" For the reason I stated I think it's much more important, especially for airports, to be able to detect and take down a drone in a way that has zero to do with any hardware changes to drones. "Non-defeatable transponders" is not realistic."

I can't agree there. Transponders will make them visible, therefore detectable. This takes care of finding the average Joes (re: idiots) flying these things indiscriminately. I also believe additional technologies intelligent enough to spot drones that may not have transponders are also needed.

"It's not too late and it will never be too late for Americans to stand up to any fascist government and their minions."

I'd like to think that, but I'm not so sure the military industrial complex is about to hand over it's stranglehold on this country and the rest of the world.

"I believe the first planes that will go down will be an airliner due to a bomb strapped drones."

I'm not about to place bets, but you place quite a bit of faith in idiots. ;-)

Spy Black's picture

"We're the hijackers on 9/11 idiots? "

My comment about idiots meant that you have faith they won't take down a plane before a terrorist, not that terrorist are idiots.

"The problem is many people today are passive and will not say anything when their input, especially in numbers, would mean something."

Depends on who's controlling the votes:

Spy Black's picture

"The idiots you keep referring to are therefore irrelevant in that context."

Like I said, you place quite a bit of faith in idiots...

David Fuller's picture

Where the manufacturers can and have made a difference is to employ something called "geo-fencing" where the aircraft won't actually fly in areas bounded by GPS coordinates. These could be standard coordinates or from a database. That particularly helps against the "idiots" or ignorant group. Terrorists may find a way to defeat them.

Andrew Houser's picture

Sigh. It's necessary to keep asshats from being stupid, but at the same time it's already overly burdensome, with some regulations seeming to be more reactionary than well-thought out.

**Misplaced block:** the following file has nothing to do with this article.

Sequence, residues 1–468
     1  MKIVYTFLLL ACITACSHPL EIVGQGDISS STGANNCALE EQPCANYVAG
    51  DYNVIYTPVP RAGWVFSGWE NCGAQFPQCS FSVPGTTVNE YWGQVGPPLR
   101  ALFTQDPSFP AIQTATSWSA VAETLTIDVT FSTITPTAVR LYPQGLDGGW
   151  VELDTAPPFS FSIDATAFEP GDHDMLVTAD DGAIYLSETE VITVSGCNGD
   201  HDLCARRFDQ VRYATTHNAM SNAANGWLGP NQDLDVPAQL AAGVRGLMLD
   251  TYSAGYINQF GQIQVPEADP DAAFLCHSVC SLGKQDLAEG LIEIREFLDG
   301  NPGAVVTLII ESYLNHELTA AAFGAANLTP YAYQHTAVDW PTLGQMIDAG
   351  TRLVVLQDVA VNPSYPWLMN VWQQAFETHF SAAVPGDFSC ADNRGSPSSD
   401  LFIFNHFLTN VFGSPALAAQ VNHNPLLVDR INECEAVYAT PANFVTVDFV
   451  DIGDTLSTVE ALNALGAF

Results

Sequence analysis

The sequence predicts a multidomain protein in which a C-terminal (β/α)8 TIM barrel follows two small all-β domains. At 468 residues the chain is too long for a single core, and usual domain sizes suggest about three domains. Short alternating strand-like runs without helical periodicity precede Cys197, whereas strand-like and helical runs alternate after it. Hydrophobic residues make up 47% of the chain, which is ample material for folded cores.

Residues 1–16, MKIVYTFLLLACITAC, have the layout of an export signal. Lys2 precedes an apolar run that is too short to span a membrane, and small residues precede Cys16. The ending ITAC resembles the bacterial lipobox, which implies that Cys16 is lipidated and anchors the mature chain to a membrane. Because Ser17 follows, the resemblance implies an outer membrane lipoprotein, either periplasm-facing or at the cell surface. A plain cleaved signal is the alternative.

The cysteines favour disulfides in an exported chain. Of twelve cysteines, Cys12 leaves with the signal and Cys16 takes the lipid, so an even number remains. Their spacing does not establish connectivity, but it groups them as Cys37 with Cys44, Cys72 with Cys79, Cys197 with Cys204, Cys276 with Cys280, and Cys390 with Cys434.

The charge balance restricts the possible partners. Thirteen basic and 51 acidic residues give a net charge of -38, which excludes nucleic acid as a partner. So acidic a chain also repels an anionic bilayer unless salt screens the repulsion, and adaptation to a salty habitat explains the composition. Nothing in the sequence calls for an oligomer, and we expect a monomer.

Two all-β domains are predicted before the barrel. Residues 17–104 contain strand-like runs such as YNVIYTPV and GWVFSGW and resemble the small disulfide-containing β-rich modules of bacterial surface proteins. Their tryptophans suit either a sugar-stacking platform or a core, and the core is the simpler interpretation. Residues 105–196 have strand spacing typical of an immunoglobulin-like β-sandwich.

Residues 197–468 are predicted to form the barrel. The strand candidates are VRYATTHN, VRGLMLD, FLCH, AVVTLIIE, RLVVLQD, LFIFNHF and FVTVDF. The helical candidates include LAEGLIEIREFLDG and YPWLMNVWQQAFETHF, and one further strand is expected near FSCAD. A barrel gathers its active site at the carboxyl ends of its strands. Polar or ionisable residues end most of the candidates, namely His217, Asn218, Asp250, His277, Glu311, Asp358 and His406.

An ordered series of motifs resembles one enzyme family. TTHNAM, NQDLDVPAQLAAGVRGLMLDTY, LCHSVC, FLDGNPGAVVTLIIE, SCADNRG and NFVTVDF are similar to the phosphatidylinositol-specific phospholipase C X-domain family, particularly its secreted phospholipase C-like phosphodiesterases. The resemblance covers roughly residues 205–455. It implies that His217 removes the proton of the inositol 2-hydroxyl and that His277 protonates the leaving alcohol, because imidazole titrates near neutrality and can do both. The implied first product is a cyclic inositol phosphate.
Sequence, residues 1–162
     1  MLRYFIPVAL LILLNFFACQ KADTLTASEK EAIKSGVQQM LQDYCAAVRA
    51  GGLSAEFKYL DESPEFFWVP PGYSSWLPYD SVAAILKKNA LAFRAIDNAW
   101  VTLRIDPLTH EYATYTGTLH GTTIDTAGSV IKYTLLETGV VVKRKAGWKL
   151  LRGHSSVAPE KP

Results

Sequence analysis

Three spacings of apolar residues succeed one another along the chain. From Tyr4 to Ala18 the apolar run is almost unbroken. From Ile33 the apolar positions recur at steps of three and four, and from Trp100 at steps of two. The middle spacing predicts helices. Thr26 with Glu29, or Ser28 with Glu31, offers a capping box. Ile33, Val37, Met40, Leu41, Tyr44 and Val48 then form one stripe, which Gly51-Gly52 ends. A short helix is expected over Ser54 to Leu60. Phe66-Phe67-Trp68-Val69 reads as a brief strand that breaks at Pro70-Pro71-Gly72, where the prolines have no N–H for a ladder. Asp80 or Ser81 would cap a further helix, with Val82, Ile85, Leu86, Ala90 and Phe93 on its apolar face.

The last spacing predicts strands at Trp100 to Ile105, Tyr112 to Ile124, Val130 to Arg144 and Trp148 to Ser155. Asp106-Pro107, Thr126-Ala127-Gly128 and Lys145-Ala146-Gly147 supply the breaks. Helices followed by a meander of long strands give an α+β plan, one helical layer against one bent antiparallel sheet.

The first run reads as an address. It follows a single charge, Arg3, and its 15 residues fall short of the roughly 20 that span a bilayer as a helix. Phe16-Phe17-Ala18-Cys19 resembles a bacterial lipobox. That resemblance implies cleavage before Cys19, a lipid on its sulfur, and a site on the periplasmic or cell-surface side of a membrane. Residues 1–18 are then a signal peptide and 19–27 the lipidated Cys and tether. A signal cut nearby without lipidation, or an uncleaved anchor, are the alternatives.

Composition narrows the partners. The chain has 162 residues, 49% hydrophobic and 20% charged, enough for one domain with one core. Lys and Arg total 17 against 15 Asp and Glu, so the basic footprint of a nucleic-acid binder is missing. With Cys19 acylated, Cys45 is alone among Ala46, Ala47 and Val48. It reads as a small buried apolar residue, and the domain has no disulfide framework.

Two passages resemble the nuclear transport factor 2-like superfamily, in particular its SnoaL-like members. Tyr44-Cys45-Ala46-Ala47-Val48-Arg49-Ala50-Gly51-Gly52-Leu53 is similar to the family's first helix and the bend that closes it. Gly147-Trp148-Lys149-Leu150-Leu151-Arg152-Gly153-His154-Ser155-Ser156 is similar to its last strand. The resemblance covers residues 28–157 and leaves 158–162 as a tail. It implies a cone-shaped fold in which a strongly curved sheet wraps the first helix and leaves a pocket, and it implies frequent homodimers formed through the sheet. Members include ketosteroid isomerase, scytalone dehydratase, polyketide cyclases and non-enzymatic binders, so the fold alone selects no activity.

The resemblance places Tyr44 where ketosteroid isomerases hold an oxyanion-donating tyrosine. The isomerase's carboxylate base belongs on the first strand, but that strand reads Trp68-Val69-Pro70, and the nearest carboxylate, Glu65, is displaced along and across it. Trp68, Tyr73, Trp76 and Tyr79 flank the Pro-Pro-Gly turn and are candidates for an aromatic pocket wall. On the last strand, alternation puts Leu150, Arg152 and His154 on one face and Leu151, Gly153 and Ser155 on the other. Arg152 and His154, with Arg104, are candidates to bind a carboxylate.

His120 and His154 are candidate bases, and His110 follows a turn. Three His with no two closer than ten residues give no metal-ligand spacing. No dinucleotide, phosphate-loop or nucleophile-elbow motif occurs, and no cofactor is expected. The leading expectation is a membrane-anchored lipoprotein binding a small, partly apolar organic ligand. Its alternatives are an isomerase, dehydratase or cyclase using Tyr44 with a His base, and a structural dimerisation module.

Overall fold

I live in a very rural spot, but still the B4UFly app tells me there are two overlapping airport spaces within 5 miles. Curious, I set out to drive and recon these supposed airfields. Neither had a tower, one airfield was literally a forest where no aircraft could possibly take off or land, and the other was a working farm where again takeoff and landing was questionable if not impossible. I called both numbers provided, but neither of them were connected to a phone, so now unless I'm within a known working airport, I don't even bother calling - just stay under 400' and don't be stupid.

I have had the police called on me because I was supposedly "terrorizing endangered piping plovers", until I got into the police car and showed them my flight data which revealed I was at 300' when flying anywhere near the nesting grounds.

Drone operators already have it hard enough. I know we all need to have some rules to get along with other operators and the general public, but they need to be structured in a manner that doesn't prohibit non-commercial operators from enjoying the creative perspective a drone can afford us.

David Fuller's picture

Those are there because if you're flying as a hobbyist, you are required to notify the "airport" if you're within five miles of it. I run into similar problems in my area (not rural at all) where I sit under about five overlapping five mile rings. I usually fly under Part 107, so I only need to worry about the one with a tower.

Spy Black's picture

I believe in installing non-defeatable transponders in drones. This makes them clearly identified in location and position. Furthermore, assuming drones are registered in order to be used, the transponder-located drone can also automatically the identify it's owner. This alone would make a lot of idiots flying these things think twice about where they're going to fly them.

Alex Cooke's picture

I couldn't agree more. That's exactly what I'd like to see as well. The best part is that ATC would have complete control what they see on their screens too.